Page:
The local power company is having their annual Open House. Check, we'll be there, too. (More on that later.) There's over 60 yard & garage sales happening today--we'll stop at a few of those, too. It's National Alpaca Day today and there's an alpaca farm having an Open House--we hope to be there as well. Meanwhile, we'll squeeze in our daily t-store visits. Susun will spend time in the basement and I've got a couple of Zuki projects on tap this afternoon. If that's not enough fun, we'll unpack and fire up our new Monster Leaf Sucker.
Hey, we got a bonus gift last night. Yep, the publisher of our local daily newspaper gave me permission to use one of his personal photos on the Snowbird blog. He even thanked us for using it! It's not just ANY photo, mind you, it's a SPECIAL photo near and dear to our hearts and minds. And not only that, it's not just a photo embedded in a blog post, it's the brand new banner heading photo that sits atop the whole shooting match. You can click here to see it and you'll instantly know why it's such a bonus to have permission to use it.
A Tale of Two Trails
I love to get up about between 5-6 am and hang out reading various online news items from around the West. Today, I had to chuckle at the irony of these two trails. One trail is up in the hustle-bustle Salt Lake City area and the other one is in Prescott, Arizona. (Remember, Class, Prescott is pronounced 'PRESS-kit.' Let no hint of a sleeping cot fall from your lips when you say that word!)
OK, here's the funny part.
Exhibit A is from the Salt Lake paper's story:
"The ceremony marked completion of Phase 3 of the Parleys Creek Corridor Trail, a major milestone in a two-decade effort to connect the Bonneville Shoreline Trail on the east with the Provo-Jordan River Parkway on the west. The 1.3-mile segment of the trail cost $2 million."
Exhibit B is from the Prescott Daily Courier's story:
"In the current economic downturn, he said, the trail work is occurring mostly through the efforts of volunteers. The new 2.9 mile Willow Loop Trail, for instance, cost only about $40, because the labor and most of the materials were donated."
Neither dollar amount is a typo. 'Nuf said.
We got a real LOL out of another story this morning in the Salt Lake Trib. There's this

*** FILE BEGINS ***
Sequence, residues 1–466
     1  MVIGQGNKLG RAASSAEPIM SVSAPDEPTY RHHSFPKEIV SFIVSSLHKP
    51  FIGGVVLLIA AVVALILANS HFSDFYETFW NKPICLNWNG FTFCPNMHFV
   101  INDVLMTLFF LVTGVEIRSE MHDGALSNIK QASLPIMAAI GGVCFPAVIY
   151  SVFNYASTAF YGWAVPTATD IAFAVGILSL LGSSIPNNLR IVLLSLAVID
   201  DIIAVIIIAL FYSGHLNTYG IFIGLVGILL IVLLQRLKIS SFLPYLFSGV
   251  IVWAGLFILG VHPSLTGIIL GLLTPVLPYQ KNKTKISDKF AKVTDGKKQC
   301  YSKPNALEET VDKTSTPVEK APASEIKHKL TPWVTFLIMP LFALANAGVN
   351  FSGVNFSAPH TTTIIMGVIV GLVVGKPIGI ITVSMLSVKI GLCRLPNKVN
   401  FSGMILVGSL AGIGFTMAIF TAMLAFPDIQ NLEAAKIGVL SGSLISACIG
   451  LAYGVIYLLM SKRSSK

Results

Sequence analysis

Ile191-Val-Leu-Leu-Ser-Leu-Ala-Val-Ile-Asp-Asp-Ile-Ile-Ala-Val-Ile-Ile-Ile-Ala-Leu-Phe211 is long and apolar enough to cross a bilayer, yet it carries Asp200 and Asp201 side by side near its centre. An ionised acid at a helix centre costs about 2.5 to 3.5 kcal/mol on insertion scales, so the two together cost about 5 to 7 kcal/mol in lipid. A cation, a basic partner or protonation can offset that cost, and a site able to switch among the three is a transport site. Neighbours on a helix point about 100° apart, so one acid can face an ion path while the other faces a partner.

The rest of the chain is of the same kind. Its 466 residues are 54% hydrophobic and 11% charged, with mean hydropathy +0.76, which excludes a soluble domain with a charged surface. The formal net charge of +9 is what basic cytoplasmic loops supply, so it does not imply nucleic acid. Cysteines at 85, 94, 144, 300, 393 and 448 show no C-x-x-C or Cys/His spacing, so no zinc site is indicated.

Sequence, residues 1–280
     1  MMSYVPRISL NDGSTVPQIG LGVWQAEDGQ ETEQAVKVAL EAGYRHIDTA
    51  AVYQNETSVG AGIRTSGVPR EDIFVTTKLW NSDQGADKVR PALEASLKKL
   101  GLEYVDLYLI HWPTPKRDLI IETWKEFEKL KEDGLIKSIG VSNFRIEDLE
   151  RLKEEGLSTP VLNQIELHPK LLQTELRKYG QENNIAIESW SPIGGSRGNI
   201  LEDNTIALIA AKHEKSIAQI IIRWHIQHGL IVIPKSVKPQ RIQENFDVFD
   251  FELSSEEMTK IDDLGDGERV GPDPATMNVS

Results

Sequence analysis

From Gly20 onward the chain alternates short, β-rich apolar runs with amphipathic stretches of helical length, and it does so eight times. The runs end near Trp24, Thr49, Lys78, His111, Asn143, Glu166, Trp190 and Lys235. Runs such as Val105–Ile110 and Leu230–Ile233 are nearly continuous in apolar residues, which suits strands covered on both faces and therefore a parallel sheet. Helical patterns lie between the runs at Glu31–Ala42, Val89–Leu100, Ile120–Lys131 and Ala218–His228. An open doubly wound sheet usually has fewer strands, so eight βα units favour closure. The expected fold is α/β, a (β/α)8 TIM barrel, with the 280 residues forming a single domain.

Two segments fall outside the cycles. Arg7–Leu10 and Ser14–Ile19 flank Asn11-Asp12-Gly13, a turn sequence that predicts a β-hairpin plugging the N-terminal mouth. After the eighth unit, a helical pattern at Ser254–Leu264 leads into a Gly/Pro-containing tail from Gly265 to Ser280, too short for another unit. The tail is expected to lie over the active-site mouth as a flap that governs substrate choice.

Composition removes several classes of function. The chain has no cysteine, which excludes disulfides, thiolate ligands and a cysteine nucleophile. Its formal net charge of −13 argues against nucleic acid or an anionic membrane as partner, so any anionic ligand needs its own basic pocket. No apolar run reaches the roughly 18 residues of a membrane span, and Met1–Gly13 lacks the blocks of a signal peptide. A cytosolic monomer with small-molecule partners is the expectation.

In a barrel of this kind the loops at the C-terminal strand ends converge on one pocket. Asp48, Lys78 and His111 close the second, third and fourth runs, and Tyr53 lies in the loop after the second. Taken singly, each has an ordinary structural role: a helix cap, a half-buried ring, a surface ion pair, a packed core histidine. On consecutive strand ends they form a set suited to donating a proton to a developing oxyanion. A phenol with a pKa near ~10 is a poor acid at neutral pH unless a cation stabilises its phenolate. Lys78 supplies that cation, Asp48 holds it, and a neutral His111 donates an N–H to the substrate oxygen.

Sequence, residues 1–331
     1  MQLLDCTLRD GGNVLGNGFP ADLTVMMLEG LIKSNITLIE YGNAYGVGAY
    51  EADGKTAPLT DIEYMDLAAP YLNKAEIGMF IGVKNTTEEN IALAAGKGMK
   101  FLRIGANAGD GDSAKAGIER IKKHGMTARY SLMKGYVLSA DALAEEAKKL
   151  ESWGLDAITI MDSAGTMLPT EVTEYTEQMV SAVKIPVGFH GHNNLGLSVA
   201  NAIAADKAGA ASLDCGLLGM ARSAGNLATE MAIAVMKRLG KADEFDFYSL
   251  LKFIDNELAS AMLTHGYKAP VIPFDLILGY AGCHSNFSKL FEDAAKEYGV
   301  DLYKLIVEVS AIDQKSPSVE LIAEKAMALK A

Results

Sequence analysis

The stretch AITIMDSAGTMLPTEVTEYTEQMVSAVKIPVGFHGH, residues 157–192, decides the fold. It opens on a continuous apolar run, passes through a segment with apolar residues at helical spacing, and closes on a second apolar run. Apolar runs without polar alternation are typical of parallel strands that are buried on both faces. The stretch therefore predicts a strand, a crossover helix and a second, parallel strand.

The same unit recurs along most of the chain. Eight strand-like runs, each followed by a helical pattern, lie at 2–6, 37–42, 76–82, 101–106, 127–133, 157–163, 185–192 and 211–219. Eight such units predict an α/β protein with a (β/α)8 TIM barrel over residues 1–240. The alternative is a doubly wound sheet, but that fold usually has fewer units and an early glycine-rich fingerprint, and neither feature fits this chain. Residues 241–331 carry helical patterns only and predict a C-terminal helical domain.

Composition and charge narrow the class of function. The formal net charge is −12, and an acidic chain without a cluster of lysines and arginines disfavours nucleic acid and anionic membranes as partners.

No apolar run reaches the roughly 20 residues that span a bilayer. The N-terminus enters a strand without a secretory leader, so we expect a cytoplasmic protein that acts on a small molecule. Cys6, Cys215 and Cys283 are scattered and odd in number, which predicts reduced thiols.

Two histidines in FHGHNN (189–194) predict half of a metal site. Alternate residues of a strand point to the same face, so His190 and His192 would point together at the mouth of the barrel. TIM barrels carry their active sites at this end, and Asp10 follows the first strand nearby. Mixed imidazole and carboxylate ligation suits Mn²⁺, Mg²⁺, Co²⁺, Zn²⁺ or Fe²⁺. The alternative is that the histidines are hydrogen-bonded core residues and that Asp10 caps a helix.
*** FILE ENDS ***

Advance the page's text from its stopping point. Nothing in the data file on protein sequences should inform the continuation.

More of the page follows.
"pole-lig" family that's supposedly airing it all out for a new TLC reality TV series. This guy has three so-called "sister wives" and a fourth woman is being courted. (Note, we and a lot of others we know call the polygamists "pole-ligs.") Well, the review of the new series notes it's not real high on drama. Apparently the most dramatic thing that happens in the premier episode reviewed is that two of their 13 kids lose a tooth on the same day and Christine burns the toast. Meanwhile, the writer wraps up the review by observing it's really not much different than a normal monogamous marriage, "It just involves a husband who has to remember a lot more anniversaries." Uh, huh. You can click here to read the full monte.
Polygamy isn't exactly rife in Utah and Idaho but it's a lot more prevalent than most people realize. Pole-lig households stand out like proverbial sore thumbs. It's always the huge Motel 6 sized homes that are the giveaway--that and enough kids to field a football team--and the cars in the driveway--oh, so many cars.
Down in The Arizona Republic, I found an interesting feature story entitled, "10 steps to creating ultimate man cave." Well, that caught my attention so I read the story. One of the tips the author gave was this tidbit: "Write down everything you want to do in the room," noting that, "The better you plan, the happier you'll be with the result."
Well, naturally, that got me to thinking which can be a dangerous thing to do before sunrise. I got to thinking how I should write down what I want to do in my cook shack (AKA: Man Cave). Hum...let's see, here goes:
A) Grill, BBQ and smoke all sorts of pork and poultry.
B) Play with a vast assortment of cast iron toys, esoteric kitchen utensils and arcane grill tools.
C) Stand around in unhealthful smoke swilling unhealthful beverages.
D) Listen to wind whistling through cracks and gaps in shoddy construction.
E) Hear rain pelting onto cheap metal roof.
F) Play cassettes of low rent Mexican banda music, maybe MP3's of The Monkees, too.
G) Leave cave (er, cook shack) carrying large, foil-covered tray of delicious food.
OK, now that I have a plan, does that mean I will be happier with the result?
Well, have a Great Saturday & Cheers! jp